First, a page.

After the journey to the school, we finally made it, and were greeted by kids singing “welcome”. It was astonishing. It was like someone told them these people are famous. They greeted us with waves and hugs and before they gave us a tour of the school, they gave us a welcome speech and dance. The mothers of some of the kids prepared us food and we began work on painting the classroom. As the kids stood outside in amazement, we were proud to stand back and watch as some of the kids painted with us”
Painting the Nursery School
“Before we started painting I taught the classrooms were very dull, just grey concrete walls, if the there was a hole in the wall it was filled with lumps of red clay and the posters on the wall were ripped and torn. It was very dirty and just not a nice place to learn in.
Before we started painting we brainstormed to see what would be the best items to paint in each classroom. We gave each classroom an undercoat of cream first; we then painted numbers, key words and shapes days of the week, months, alphabet, numbers and shapes.
Outside the classrooms we painted the doors, the toilets and 2 hopscotch areas at the side of the school. We also painted an Irish mural on the front of the school; it included some Irish symbols like a leprechaun, a rainbow, fields, shamrocks, mountains and a pot of gold.
This was probably the most rewarding day as we felt we accomplished something that would stand the test of time”
“Before we left Gambia, there was one thing we wanted to do. We wanted to go back to the primary school and see what the children thought of their freshly painted school.
We broke up into teams and decided to teach a class. Each of the groups had to come up with a nursery rhyme where all the children would learn it and sing it for us at the end.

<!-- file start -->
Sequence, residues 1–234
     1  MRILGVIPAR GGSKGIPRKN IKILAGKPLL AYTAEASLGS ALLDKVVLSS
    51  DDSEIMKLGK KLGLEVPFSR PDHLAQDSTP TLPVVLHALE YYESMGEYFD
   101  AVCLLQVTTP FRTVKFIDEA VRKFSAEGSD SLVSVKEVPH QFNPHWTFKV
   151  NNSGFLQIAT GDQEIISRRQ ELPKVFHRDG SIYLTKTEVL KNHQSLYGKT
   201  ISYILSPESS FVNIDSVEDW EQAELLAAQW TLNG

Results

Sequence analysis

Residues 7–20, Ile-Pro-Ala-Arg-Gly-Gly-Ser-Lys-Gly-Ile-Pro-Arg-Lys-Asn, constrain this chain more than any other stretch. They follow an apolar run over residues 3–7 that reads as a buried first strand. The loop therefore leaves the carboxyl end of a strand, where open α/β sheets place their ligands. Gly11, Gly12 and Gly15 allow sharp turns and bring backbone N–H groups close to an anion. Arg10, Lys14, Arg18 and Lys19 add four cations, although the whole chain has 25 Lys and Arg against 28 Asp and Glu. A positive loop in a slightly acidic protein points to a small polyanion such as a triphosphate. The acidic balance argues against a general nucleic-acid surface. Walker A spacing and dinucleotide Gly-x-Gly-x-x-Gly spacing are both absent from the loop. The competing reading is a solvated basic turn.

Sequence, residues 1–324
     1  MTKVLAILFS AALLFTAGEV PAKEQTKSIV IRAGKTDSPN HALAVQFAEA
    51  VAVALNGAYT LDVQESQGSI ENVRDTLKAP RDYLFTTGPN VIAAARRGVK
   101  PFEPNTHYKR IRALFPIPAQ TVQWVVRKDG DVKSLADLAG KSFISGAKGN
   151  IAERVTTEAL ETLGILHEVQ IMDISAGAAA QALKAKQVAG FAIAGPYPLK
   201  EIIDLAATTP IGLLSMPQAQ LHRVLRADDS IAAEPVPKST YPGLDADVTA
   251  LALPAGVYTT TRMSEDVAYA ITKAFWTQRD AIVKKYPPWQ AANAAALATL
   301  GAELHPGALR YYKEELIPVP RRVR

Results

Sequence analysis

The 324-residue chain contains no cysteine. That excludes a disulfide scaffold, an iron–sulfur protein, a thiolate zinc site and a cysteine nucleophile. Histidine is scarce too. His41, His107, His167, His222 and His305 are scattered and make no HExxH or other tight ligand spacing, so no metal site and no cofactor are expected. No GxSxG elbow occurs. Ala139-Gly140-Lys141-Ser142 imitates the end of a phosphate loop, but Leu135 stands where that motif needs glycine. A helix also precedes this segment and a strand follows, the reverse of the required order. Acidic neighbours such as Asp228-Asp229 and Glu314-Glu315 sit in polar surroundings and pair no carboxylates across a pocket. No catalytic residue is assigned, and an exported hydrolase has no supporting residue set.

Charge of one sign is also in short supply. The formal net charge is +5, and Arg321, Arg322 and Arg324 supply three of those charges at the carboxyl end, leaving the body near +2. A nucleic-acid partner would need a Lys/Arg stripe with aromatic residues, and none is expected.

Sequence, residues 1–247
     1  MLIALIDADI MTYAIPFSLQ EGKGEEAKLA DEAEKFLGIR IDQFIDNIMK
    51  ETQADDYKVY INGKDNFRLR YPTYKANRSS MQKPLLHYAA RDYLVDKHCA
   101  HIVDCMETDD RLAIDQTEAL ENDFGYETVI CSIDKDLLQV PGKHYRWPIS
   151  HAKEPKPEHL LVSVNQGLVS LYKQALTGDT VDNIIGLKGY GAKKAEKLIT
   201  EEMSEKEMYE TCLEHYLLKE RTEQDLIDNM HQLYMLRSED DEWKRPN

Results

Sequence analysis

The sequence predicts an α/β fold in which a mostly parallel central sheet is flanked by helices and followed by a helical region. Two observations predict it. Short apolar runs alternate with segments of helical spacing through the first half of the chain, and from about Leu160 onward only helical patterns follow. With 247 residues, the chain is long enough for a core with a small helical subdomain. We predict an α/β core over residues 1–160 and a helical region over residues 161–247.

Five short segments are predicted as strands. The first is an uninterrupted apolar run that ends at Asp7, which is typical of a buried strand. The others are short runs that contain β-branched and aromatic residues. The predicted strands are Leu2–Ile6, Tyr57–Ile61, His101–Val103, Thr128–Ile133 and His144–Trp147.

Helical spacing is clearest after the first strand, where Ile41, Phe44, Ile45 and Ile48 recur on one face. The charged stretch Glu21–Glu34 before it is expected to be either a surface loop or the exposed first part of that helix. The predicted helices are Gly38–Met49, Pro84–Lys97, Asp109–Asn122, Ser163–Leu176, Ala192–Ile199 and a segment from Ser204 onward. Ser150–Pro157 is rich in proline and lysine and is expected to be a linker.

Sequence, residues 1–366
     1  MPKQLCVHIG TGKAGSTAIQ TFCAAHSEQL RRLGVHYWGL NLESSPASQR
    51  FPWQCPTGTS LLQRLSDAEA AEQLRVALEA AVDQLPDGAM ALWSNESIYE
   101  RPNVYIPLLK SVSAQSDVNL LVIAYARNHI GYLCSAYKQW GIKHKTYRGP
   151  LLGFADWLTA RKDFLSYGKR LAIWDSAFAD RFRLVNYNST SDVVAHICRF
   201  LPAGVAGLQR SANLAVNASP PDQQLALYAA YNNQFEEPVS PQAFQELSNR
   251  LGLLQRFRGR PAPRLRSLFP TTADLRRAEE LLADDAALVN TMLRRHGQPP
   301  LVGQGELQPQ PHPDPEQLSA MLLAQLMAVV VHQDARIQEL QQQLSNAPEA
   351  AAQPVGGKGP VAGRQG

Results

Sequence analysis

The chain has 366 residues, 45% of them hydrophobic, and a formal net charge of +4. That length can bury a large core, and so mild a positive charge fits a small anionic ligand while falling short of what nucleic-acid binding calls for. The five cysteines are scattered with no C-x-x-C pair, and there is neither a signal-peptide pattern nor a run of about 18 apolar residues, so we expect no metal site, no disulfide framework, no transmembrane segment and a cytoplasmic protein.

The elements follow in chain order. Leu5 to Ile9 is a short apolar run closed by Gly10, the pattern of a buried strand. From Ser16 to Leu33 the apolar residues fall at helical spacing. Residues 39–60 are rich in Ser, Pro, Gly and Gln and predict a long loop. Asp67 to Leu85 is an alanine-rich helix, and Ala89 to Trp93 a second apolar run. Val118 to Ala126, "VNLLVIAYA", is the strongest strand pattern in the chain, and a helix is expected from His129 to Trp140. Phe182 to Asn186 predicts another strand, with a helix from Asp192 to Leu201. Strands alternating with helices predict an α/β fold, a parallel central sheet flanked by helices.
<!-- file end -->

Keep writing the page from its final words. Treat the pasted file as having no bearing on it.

We taught them about the weather, different animals, numbers, shapes and days of the week. We used the paintings on the wall to help in our teaching. We also taught each class a different nursery rhythm and it was great to see that we had left some of our knowledge behind in the Gambia”
“As part of the items we decided to bring out to the Gambia were some hurls and sliotars, we taught it would be a good idea to teach them about Irish culture. We couldn’t believe how quick the Gambian students picked up the skills of our beloved game. After a few minutes students were able to catch and strike the ball like they have been playing for years. When we return again we hope to bring out enough hurls so we could play a real game with them”
“We also sent out a container from Portlaoise College of books, toys, sporting equipment, teaching resources, clothes and second hand bikes. These were all donated by parents, staff members and the local community. The items in the container were donated to the Jamisa Yiriwa Nursery, Munyagen Basic Secondary School and Brikama Hospital”
Student comments on the overall Gambia Experience
“This has been a real life changing experience, I realised that the less you have, the more you value the things that are actually important like family and friends” Lauma Stale
“This trip has changed my view on life, it made me realise that the materialistic things in life will never make you truly happy” – Leah Murphy